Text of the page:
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12 Ways to Find a Real Estate Bargain

by Jon Richards   

The best way to begin your career in real estate is to come up with a good, small, older apartment building--well located, and at a low price, with a small cash down payment. There are several ways to find this type of real estate bargain. I will begin with the most unconventional methods, since they often produce real bargains and then concentrate on conventional methods.

Remember, however, there is no single formula that works all the time. The successful investor has network of people who know that he or she is a real estate investor and who will tell you about vacant properties, troubled sellers, or other opportunities that you could not find on your own.

So consider the following ways to find properties, develop your own, and develop a system and an organization of people who are helping you.

Unconventional ways to find a bargain

1. Make a friend out of an owner of a junk and disposal service business.
Some owners of "hauling" businesses make much more profit out of the real estate investments they come by than they ever make from their hauling services. Perhaps someone who is contemplating a move, perhaps a new widow or widower calls the disposal service to clean out his or her basement or attic. Over the telephone, the caller says, "We are moving" or "Our Aunt just died."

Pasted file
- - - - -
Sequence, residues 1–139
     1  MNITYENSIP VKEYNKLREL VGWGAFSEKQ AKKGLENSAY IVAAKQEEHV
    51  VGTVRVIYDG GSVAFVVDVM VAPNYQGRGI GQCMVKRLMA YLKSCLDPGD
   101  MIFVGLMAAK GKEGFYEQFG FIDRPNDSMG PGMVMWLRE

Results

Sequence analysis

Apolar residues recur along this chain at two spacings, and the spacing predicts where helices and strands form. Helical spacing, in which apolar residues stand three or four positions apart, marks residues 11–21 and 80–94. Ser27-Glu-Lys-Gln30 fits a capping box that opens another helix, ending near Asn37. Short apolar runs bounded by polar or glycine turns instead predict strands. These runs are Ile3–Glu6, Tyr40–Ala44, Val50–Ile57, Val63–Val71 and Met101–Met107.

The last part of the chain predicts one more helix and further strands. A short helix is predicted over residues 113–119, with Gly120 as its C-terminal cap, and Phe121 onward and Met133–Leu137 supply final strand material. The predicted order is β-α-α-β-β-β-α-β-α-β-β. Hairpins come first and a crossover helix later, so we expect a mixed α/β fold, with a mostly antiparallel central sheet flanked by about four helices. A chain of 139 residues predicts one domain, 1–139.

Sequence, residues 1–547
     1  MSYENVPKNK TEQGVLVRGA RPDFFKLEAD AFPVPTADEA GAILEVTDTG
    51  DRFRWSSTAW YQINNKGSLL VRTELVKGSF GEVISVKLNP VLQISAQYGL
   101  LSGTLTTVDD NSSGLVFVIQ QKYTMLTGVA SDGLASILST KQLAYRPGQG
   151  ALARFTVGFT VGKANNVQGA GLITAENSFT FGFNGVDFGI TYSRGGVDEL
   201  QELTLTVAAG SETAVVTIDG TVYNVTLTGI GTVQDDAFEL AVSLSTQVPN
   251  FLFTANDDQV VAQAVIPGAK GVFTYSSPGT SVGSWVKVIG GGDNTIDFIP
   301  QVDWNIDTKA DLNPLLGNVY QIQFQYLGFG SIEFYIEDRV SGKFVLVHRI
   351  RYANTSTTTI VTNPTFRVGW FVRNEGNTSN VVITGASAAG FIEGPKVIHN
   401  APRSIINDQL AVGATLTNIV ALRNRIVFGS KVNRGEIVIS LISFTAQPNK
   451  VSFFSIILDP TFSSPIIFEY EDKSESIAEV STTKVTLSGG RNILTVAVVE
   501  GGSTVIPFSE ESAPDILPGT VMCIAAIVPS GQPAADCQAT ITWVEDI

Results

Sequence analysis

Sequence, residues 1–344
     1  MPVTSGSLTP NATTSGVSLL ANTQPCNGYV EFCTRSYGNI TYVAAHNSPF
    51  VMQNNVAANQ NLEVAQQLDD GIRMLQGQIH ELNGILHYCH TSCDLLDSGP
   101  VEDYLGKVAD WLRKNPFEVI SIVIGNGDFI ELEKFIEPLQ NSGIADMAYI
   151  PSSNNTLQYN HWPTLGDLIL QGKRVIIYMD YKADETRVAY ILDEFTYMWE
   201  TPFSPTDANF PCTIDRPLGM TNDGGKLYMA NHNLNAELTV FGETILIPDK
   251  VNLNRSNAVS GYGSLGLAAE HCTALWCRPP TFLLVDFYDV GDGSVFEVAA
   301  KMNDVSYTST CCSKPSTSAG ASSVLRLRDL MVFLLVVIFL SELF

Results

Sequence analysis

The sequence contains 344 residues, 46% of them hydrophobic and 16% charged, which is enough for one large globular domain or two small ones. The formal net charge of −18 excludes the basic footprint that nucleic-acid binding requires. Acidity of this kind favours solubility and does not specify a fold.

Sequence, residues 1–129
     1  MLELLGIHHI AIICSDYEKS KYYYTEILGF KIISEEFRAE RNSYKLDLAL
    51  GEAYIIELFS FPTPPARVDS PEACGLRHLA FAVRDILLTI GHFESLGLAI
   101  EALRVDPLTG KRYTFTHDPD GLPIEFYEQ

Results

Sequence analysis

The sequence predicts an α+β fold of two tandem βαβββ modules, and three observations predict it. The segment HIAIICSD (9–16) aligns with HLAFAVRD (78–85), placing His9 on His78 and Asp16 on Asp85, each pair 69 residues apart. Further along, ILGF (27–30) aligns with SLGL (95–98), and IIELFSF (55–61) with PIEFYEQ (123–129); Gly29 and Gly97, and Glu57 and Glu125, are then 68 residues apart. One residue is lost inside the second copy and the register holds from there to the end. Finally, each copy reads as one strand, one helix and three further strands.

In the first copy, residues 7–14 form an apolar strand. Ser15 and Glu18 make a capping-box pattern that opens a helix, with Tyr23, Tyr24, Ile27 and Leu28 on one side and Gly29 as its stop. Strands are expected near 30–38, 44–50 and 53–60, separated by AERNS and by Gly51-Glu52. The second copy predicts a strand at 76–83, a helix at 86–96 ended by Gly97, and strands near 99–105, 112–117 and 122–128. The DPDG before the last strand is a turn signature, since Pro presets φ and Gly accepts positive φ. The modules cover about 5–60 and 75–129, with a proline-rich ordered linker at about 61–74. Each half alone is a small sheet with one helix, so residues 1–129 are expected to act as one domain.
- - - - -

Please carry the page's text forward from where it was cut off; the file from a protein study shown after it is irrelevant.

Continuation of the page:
In the course of these arrangements, the "disposal service operator" is often the first to know of the owner's intention to place the property up for sale. In this situation, ingenuity and imagination on the part of the income buyer is mandatory and can lead the astute buyer to some good deals. I offer the hauler $25 for any lead and $500 if I buy the property.

2. Watch death notices in the newspaper.
Frequently, the attorney handling the estate is mentioned in the notice. If not, inquire of friends, relatives or neighbors of the deceased, or the surviving spouse, to find the name of the attorney.

Then, make your pitch to the attorney who may have to dispose of the real estate in the deceased person's estate. In this way, you can become the first to bid. It is rare that a lawyer will insist on any type of commission.

3. Work closely with local attorneys on a personal basis.
These attorneys frequently offer properties for sale on behalf of out-of-state and other types of sellers who prefer not to handle the transaction themselves or hire a real estate broker.

4. Watch the newspapers for public auctions, bank foreclosures, and divorce settlements.

5. Check the Probate Courts for filings of deaths and divorces.

6. Follow FHA and VA foreclosure sales. Many of these homes can truly be bought for no money down.

7. Use mailmen and other "spotters" to advise you of vacant buildings.
Then trace the owners through the local assessors and tax collectors offices. If this does not work, contact the neighbors and friends of the owner who has moved away or contact a tenant in the building. Use your common sense to locate the owners.

8. Investor Groups: